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10 tips to support children’s learning of sharing

Written by: Nanny Secours

July 3, 2014

Learning to share cannot be achieved overnight. As young children undergo a period of instant gratification, it is hard for them to understand the concept of sharing. As a result of their self-centred desires, pupils are reluctant to engage in sharing. However, the lesson of sharing must be learnt in early childhood, as is the case for any form of social skills.

1. Never force a child to share his toys. This can have the effect of discouraging him from sharing on his own initiative.

2. Teach by example when you play with him. This can be done by sharing toys or reinforcing every time you let someone else have an item that belongs to you (e.g. “I’m happy to let my friend Nancy borrow my book. I know she will enjoy reading it”).  

3. Make multiples of the same toy available (for children under the age of two and a half years old). This is particularly a good idea for childcare establishments that group together several children of similar age ― and consequently, present reduced risks of conflicts.

4. Monitor sharing. Use a timer and limit the child’s play time with the toy he wants so badly so that he can let other children have it when his turn has elapsed.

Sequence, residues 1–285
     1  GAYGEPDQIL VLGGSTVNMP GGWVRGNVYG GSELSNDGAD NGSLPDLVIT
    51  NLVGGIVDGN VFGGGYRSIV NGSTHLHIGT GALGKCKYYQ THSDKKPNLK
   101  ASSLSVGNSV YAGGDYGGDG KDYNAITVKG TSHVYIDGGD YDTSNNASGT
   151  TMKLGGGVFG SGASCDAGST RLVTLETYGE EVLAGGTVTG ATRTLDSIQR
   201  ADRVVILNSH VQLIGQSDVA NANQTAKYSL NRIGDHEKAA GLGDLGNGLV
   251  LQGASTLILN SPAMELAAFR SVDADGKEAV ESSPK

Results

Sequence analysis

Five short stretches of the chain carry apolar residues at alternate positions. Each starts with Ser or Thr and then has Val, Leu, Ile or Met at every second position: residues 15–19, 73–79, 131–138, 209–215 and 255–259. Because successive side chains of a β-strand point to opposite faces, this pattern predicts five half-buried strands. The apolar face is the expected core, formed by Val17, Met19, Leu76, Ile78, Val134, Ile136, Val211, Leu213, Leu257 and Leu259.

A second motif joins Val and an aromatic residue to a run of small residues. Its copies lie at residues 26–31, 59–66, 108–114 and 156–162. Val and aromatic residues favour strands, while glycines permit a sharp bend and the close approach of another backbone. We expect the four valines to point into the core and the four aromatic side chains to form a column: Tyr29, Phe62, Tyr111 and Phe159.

5. Organize a “toys day.” Imagine an activity (for example one that is conducted at a daycare facility or as part of an evening with friends) where each child brings one toy he feels able to share with others, and agrees to temporarily separate from his personal object for the purpose of exploring the toys of his peers.

6. Use role plays as an effective means to help children understand certain concepts. Different scenarios enable the child to experience a given situation without the strong and difficult emotions associated with it.  

7. Praise your child when he offers toys to peers.

8. Enable children to negotiate among themselves the sharing of toys.

9. Take the opportunity to help your child become more assertive and set clear boundaries. For example, a child who tends to hit his peers as soon as they approach his toys could be taught how to just say "no" or “that’s mine,” while using effective body language.

10. Be patient and indulgent towards the little ones as they go through the apprenticeship of being human!

Have fun!

 

Hélène Fagnan, Family Coach
Founder of Nanny Secours (French only)

Hélène Fagnan on Google+

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